The Fort Scott Planning Commission is meeting at 4 p.m. March 1 at city hall, 123 S. Main, to consider a conditional use permit for property south of the town for a micro-meat processing plant.
The property being considered is south of the Kansas Department of Transportation property, according to the press release from the City of Fort Scott. The K.D.O.T property is south of the LaRoche Baseball Park.
The Bourbon County Economic Director Jody Hoenor sent the following information on the proposed plant.
“Billy Madison, the owner of W Diamond M Meats, will be seeking the approval of a conditional use permit from City of Fort Scott Commission,” Hoenor said. “He plans to return to his hometown and build a $2.7million micro meat processing plant located approximately two miles outside the city limits of Fort Scott and south of the Fort Scott Industrial Park.”
“The processing plant will add to our efforts in building resilient and self-sustaining food systems,” Hoenor said. “The COVID-19 pandemic highlighted the need for these smaller-scale processing plants, and we are very fortunate to be considered for this expansion. This proposal has potential to help farmers and ranchers with extra supplemental income act as a stimulus for other sectors such as retail trade and services.”
“The site is currently zoned correctly as heavy industrial for use,” she said. “The City of Fort Scott codes requires an additional conditional use permit approval for a meat processing plant to be built.”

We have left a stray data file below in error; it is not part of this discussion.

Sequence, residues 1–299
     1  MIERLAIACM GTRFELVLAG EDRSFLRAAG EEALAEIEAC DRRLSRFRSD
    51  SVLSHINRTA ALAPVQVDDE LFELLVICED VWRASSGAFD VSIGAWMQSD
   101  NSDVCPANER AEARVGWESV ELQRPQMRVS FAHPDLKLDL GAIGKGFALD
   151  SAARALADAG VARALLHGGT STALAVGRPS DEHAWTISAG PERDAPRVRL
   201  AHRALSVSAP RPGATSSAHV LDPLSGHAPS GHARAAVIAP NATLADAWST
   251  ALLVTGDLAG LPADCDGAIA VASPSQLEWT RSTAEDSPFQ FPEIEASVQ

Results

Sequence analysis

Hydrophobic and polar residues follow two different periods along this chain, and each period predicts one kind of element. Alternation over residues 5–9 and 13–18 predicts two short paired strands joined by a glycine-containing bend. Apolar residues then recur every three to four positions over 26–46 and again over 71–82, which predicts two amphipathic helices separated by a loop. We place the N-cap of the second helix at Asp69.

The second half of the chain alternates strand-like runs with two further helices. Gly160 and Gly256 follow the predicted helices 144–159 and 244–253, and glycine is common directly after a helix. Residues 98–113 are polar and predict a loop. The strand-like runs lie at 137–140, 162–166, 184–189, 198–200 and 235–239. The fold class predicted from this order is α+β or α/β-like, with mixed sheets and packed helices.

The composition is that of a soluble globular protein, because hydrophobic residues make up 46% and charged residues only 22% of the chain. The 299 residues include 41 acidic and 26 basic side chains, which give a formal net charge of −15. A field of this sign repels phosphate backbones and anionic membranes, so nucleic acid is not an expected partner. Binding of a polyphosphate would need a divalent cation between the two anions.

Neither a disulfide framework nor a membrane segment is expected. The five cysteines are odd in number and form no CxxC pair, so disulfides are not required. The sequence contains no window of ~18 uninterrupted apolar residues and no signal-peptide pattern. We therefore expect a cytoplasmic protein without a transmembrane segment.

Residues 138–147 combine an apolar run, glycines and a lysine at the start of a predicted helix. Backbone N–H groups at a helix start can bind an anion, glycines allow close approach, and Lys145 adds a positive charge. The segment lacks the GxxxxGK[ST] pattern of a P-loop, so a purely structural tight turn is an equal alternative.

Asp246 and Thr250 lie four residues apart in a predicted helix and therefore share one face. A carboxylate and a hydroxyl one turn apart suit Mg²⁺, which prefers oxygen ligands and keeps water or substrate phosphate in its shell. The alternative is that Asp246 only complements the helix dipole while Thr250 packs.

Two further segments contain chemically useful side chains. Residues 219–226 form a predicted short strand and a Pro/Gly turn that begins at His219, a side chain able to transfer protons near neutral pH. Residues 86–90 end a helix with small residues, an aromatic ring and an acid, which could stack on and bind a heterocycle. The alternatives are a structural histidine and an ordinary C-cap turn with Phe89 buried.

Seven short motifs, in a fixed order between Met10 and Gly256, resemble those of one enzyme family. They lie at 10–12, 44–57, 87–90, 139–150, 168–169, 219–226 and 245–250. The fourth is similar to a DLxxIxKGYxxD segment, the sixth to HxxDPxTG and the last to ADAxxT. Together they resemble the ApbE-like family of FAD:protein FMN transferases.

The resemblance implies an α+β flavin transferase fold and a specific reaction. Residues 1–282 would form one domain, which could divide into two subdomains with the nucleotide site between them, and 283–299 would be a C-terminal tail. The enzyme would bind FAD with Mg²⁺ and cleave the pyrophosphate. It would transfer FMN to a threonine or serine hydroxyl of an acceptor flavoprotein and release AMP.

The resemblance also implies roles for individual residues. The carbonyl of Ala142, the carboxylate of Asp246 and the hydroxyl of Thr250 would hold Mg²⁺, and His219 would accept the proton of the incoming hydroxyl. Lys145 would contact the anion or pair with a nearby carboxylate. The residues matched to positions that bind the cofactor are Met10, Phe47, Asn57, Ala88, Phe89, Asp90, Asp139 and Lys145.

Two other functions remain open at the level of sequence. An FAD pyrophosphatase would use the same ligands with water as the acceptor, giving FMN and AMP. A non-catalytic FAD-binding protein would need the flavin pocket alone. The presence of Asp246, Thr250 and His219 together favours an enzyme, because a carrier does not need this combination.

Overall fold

The City of Fort Scott Water Department and Codes Enforcment were consulted on sewer and wastewater issues, she said.
“The codes department let us know we would need a conditional use permit to build on the selected site,” Hoener said.
Since July 2020, Madison has been working with Hoener and Bourbon County Economic Development Council Chairs, Steve Buerge (previous), and more recently Gregg Motley, she said.
“It is Madison’s goal is to be a good neighbor, bring above-average wage jobs, and provide value in under-developed land,” Hoenor said. “Financing of the project and acquisition of land is pending approval of the conditional use permit.”
“All impacts on social, economic, and environmental conditions were investigated thoroughly including air and water quality, crime rate, property valuation, wage growth, employment growth, occupational health, and odor,” she said.
“State of the art wastewater system is used to remove suspended matter such as oils and solids,” Hoenor said. “This is measured through biochemical oxygen demand (BOD). The equipment skims any leftover matter and is sold. Bacteria growth is what creates an offensive odor,” she said.”The requirements in cleaning are incredibly stringent and does not allow time for bacteria to grow. As a result, there is no offensive odor in the processing plant.”
“This is a highly regulated industry with a USDA inspector office on sight,” she said. ” It is a requirement in building plans that the USDA inspector has a separate office with his/her own shower. This inspector is on-site at all times while in operation. There are 3-4 additional inspections per month, in order to keep our food safe to consume.”
“There will be no outdoor pens or holding areas for animals, mitigating smell downwind or in the vicinity,” Hoenor said. “Animals are delivered in the very early morning hours and several hours later slaughtered and processed.”
“Letters of support from residential houses in Johnson County and commercial businesses have confirmed the business is a conscientious neighbor,” she said.
In addition, the product can be sold in other states and will bring new jobs.
“W Diamond M Meats is FSIS approved, allowing the meat to be sold across state lines, injecting capital into our economy,” Hoenor said. “This business will bring 30 full-time jobs that pay higher than Bourbon County average. The new construction increases overall county valuation in property and affords the opportunity to reduce the overall tax burden.”